was once called “the cause of all disorders and
disturbances in the Church.” Now imagine that he was
called this by the Patriarch of Constantinople himself.
The year is 1344. This comment was made during a Church
council and it caused this man to be thrown into prison
for the next 4 years. The man who was “the cause of all
disorders and disturbances in the Church” was St.
He has a long and complicated story but
each one of us needs to know about this man St. Gregory
Palamas, archbishop of Thessalonica. That is why the
Church in her wisdom has set aside this the second
Sunday of Great Lent as Palamas Sunday. Why was this man
called “the cause of all disorders and disturbances in
the Church?” What had he done that was so terrible?
He was raised in Constantinople in a
wealthy family. His family was even friends with the
Emperor but from a rather young age Gregory was inclined
to the life of the Church. It was no surprise because
his parents loved the Church and frequently invited
clergy and monks to come and spend time with them. As a
young man Gregory left the comfortable life and traveled
to Mt. Athos in Greece to be trained in the ways of
prayer as a monk. He dedicated his whole life to God
because he loved God and wanted to spend all his time in
the service of God. He grew wise and strong through
prayer under the guidance of some experienced holy men.
Unfortunately due to time constraints I
can’t tell you all of his story but I will tell you that
he advanced and gained the rank of Abbot, a leader of
one of the monastic communities as well as a very
respected elder on the Holy Mountain (Mt. Athos).
The real trouble began when a very gifted
speaker and teacher, a monk from Italy, visited Mt.
Athos. This monk was Barlaam. He taught the monks that,
“He believed the monks on Mount Athos
were wasting their time in contemplative prayer when
they should be studying. He ridiculed the ascetic labor
and life of the monks, their methods of prayer, and
their teachings about the uncreated light experienced by
the hesychasts (those who practice stillness through
prayer). Countering the traditional stance of the Church
that “the theologian is the one who prays,” Barlaam
asked: “How can an intimate communion of man with the
Divine be achievable through prayer, since the Divine is
transcendent and ‘dwelling in unapproachable light’ (1
Timothy 5:16)? No one can apprehend the essential being
of God!” Barlaam was convinced that God can be reached
only through philosophical, mental knowledge—in other
words, through rationalism.” AGAIN Vol. 27 No. 1.
So this led to a great dispute among the
monks and especially between Gregory and Barlaam. Why
such a dispute? Because Barlaam was teaching that we
learn and experience God through knowledge. That we know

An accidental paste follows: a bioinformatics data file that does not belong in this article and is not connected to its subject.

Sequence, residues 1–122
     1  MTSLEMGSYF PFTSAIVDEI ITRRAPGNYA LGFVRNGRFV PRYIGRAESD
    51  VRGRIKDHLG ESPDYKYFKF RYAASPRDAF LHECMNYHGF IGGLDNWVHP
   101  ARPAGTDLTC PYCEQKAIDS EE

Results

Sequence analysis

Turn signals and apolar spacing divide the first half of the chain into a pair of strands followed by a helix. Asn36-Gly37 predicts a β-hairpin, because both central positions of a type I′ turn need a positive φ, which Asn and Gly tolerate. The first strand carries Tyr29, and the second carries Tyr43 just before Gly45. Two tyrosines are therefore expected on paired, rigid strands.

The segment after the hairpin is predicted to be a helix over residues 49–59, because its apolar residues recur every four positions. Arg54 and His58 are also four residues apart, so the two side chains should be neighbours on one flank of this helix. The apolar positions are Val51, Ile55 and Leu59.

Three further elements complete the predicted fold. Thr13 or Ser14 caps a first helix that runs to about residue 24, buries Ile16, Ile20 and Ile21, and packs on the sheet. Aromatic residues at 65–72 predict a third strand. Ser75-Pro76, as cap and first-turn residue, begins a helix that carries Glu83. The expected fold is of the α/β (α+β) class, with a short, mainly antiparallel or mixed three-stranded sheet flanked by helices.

God in the head first. This was a type of rationalism.
It is the belief that the only proper way to know things
is through reason. This led to many of the problems in
Western Christianity and led ultimately to the
The problem is that essentially it means
that we know God only through logic as if God is a
mathematical equation. It ignores the fact that for
centuries illiterate but holy men and women have had
true experiences of God through the life of the Church.
It also means that the work and struggle we undertake
is all worthless because God is known only through the
We are told that Barlaam traveled to
Constantinople and stopped at the monasteries. He
refused to attend vigils, prayer or fasting and did not
trust in spiritual experiences. In short, he behaved
much like modern Christians, even so-called Orthodox
Christians. He caused a division throughout the Church
with his improper teachings and then blamed it all on
Gregory. This sort of thing has happened before and will
probably happen again.
I did not intend or plan it this way but
for the last two weeks I have mentioned that knowing God
is not theoretical, it is an actual experience. Gregory
Palamas taught that we could certainly know God. He made
an important distinction. He said that there were two
sides to knowing God. One was to know God’s essence.
This is impossible for any human being. No human has
ever seen God. No one can grasp His greatness or His
On the flip side, Gregory taught that we
could know God through His energies: the way that He
clearly acts through our world and visits us. He
compared knowing God to the Sun. God is like the Sun.
This Sun can never be grasped or even looked at closely.
It is impossible and yet we can receive the energy from
the Sun. We feel the warmth of the rays, we experience
the light and heat.
St. Gregory suffered and was imprisoned
more than once for defending his understanding of the
faith. We may one day have to be courageous enough to
suffer for our Christian faith. You can’t prepare by
stocking guns and ammo. You can prepare by loving your
neighbors and by stocking God’s words in your heart and
by becoming men and women of prayer and teaching this
life of prayer to your children.
St. Gregory teaches us that it is
possible to soak up God’s love and blessings through
genuine communion that is possible through the struggle
to reach fervent prayer. It doesn’t happen automatically,
but comes by the grace of God. God wants to affect us
through prayer, prayer is not meditation or an
intellectual exercise. It is communion and fellowship
with the Almighty.
Today we are reminded that we can
experience God; He is not a theory hidden in a book.
Education and degrees only go so far, the experience of
pure prayer is a true teacher. As we’ve been struggling
through the fast for a few weeks we are inclined to
think “it is not worth it.” Why fast, why pray more, why
attend extra services, why do any of this?
St. Gregory answers to us: these things open us up to
experience the presence of God.
So keep struggling, it is indeed worth it.
Glory be to God Forever. AMEN.